stats
globeinteractive.com: Making the Business of Life Easier

   Finance globeinvestor   Careers globecareers.workopolis Subscribe to The Globe
The Globe and Mail /globeandmail.com
Home | Business | National | Int'l | Sports | Columnists | The Arts | Tech | Travel | TV | Wheels
space


Search

space
  This site         Tips

  
space
  The Web Google
space
   space



space

  Where to Find It


Breaking News
  Home Page

  Report on Business

  Sports

  Technology

space
Subscribe to The Globe

Shop at our Globe Store


Print Edition
  Front Page

  Report on Business

  National

  International

  Sports

  Arts & Entertainment

  Editorials

  Columnists

   Headline Index

 Other Sections
  Appointments

  Births & Deaths

  Books

  Classifieds

  Comment

  Education

  Environment

  Facts & Arguments

  Focus

  Health

  Obituaries

  Real Estate

  Review

  Science

  Style

  Technology

  Travel

  Wheels

 Leisure
  Cartoon

  Crosswords

  Food & Dining

  Golf

  Horoscopes

  Movies

  Online Personals

  TV Listings/News

 Specials & Series
  All Reports...

space

Services
   Where to Find It
 A quick guide to what's available on the site

 Newspaper
  Advertise

  Corrections

  Customer Service

  Help & Contact Us

  Reprints

  Subscriptions

 Web Site
  Advertise

  E-Mail Newsletters

  Free Headlines

  Globe Store New

  Help & Contact Us

  Make Us Home

  Mobile New

  Press Room

  Privacy Policy

  Terms & Conditions


GiveLife.ca

    

PRINT EDITION
The Leafs can lose, but they can't lose like that
space
An ugly series loss to the Bruins could stall the momentum of a franchise that appeared to be headed in the right direction
space
By CATHAL KELLY
  
  

Email this article Print this article
Saturday, April 14, 2018 – Page S2

TORONTO -- After the Boston Bruins scored the first goal in Thursday's game, Maple Leafs coach Mike Babcock got his players around the bench. He began making soft, up-and-down hand gestures familiar to anyone who's ever seen a horse calmed.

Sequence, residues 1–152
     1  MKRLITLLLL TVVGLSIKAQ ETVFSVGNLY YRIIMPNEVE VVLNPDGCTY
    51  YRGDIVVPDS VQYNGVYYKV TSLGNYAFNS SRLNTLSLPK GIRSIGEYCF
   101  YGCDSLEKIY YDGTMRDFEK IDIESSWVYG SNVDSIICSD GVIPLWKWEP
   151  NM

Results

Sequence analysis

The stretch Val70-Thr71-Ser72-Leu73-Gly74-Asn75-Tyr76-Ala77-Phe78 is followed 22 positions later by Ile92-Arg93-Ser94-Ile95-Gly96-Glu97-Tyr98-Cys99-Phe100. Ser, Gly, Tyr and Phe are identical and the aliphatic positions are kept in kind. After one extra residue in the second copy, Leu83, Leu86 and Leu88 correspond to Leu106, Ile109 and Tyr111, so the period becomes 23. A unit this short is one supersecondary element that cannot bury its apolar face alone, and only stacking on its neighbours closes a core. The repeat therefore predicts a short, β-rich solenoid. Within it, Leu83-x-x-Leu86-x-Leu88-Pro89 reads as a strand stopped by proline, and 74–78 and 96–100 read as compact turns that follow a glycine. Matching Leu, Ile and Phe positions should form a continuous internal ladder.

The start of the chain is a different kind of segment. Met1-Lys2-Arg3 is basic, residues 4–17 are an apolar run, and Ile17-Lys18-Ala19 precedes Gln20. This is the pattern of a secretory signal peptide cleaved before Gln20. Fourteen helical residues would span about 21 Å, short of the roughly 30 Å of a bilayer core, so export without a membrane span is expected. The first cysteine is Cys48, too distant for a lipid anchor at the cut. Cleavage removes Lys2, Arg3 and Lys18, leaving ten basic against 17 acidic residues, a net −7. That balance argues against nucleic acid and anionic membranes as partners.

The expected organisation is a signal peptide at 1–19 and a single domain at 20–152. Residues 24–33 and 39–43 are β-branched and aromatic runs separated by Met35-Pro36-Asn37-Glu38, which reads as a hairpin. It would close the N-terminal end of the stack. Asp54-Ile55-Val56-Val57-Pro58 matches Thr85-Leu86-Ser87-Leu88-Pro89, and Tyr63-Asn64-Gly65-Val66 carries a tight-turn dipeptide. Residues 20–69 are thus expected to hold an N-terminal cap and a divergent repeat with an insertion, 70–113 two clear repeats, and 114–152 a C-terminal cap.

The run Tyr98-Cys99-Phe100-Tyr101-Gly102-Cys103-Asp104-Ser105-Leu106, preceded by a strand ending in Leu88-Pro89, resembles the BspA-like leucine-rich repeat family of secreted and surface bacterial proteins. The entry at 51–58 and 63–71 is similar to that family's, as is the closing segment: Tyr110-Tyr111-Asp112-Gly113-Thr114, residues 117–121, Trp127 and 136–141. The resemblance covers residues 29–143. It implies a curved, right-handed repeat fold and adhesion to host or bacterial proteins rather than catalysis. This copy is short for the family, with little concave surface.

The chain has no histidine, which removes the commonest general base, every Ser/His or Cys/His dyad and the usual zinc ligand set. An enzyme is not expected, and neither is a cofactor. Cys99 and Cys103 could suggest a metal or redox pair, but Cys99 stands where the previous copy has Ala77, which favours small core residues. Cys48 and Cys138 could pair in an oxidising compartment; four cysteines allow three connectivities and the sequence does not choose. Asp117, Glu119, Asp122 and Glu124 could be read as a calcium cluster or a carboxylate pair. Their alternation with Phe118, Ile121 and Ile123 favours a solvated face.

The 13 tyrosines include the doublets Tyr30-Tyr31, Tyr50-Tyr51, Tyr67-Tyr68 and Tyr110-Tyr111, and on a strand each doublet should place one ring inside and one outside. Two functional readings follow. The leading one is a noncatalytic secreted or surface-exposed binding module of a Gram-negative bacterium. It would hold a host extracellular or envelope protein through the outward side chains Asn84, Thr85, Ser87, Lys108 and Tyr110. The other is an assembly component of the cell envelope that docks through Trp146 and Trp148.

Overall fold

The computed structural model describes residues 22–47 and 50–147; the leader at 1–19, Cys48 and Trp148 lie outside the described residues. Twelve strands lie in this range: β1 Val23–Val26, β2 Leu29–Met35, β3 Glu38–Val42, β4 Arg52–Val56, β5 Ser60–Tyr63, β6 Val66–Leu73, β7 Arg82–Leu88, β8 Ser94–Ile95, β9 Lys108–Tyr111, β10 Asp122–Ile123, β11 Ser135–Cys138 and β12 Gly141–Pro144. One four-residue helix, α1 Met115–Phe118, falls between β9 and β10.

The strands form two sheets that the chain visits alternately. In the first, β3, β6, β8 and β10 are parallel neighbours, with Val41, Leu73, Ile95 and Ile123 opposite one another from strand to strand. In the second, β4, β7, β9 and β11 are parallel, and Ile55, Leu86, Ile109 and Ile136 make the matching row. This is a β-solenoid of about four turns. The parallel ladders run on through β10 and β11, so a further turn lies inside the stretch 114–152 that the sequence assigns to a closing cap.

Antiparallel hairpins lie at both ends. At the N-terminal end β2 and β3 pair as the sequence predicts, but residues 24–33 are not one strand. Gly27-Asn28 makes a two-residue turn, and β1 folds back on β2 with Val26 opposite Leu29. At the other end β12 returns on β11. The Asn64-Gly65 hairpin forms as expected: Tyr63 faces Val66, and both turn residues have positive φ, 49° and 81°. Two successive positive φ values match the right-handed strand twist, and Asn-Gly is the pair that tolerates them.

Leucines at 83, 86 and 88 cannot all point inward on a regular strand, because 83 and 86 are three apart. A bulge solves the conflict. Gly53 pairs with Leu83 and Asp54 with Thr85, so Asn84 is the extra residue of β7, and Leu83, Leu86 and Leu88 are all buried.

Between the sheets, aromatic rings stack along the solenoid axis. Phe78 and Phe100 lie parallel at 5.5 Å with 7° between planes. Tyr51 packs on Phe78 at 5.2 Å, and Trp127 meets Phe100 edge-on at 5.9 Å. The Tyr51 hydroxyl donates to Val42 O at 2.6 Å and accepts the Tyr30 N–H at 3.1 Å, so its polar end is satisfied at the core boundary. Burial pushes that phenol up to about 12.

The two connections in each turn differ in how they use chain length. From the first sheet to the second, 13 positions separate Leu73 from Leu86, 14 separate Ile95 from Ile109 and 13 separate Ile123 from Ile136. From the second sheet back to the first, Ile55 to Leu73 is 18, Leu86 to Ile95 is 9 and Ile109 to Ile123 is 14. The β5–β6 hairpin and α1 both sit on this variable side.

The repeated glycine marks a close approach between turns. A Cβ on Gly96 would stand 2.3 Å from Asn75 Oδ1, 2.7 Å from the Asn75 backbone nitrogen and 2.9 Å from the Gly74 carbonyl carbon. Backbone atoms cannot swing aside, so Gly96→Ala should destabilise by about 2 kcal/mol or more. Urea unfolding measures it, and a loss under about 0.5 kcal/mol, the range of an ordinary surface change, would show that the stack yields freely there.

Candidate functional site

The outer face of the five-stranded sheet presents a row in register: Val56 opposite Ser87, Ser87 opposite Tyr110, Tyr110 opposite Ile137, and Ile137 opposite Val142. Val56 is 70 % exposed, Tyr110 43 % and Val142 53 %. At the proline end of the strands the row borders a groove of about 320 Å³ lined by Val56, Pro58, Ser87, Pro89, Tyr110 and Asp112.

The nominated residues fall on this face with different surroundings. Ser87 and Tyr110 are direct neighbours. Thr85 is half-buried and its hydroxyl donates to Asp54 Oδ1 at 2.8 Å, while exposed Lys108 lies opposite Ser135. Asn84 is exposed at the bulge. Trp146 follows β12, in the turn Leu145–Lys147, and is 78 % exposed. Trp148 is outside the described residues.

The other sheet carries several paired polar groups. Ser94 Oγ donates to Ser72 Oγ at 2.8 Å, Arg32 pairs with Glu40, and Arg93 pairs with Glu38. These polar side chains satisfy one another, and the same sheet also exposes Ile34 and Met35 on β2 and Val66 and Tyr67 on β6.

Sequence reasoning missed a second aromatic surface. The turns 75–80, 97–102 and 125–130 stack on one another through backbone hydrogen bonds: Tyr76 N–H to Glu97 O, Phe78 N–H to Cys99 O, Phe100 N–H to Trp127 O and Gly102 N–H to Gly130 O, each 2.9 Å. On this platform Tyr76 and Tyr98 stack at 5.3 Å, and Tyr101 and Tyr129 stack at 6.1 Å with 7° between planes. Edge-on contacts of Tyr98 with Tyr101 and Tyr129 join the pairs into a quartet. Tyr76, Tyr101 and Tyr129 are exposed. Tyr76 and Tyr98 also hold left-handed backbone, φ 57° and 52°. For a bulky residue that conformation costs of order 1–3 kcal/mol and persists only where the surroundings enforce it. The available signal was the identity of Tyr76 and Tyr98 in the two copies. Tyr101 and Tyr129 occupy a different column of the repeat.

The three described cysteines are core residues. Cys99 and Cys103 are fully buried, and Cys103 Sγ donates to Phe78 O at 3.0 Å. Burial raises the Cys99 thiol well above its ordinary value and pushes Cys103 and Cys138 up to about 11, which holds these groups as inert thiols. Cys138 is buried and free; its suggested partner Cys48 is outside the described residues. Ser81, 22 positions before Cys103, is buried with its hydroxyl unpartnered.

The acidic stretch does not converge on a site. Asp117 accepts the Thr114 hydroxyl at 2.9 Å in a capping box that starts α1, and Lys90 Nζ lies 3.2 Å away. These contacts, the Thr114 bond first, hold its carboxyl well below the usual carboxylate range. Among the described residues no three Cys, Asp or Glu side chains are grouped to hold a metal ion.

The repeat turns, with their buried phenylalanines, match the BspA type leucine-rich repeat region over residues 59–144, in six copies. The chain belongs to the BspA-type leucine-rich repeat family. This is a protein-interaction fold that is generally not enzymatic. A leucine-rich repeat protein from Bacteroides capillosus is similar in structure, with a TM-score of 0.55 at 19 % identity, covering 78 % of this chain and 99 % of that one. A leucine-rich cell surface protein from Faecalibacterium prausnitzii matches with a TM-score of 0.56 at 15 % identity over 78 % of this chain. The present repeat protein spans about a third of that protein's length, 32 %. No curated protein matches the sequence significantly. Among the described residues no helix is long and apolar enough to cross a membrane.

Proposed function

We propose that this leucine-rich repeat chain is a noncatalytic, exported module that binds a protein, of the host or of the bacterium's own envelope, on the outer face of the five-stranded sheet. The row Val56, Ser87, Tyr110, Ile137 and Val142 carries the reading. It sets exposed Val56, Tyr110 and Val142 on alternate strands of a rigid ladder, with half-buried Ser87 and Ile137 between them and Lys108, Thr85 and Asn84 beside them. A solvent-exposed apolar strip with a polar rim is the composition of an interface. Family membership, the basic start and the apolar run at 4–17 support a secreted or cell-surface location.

"I just told them to breathe," Babcock said later.

The worrying thing is that after a year spent building a sophisticated, hockey-game-winning machine, advice this basic worked. Babcock's solution to a malfunctioning team? Turn it off and turn it on again.

In fairness, the Leafs carried on for only an hour or so before they began spitting out error messages, for good this time.

Somewhere in between Brad Marchand trying to see if Leo Komarov has a candy-core head and Nazem Kadri guillotining Tommy Wingels sideways, Toronto completely lost its composure.

The squad got trapped in the worst place a playoff team can wedge itself - too stunned to do anything positive; too frustrated to accept a loss without compounding it. By the end of the third, the Leafs weren't breathing any more. They were hyperventilating.

"It's a long series," defenceman Morgan Rielly - possibly the worst skater on the ice for the evening, including the guys with shovels - said afterward.

"We've got lots of areas we can get better in, things we can improve on."

This "it's a good thing we can try harder" line has become a ubiquitous motivational crutch in sports.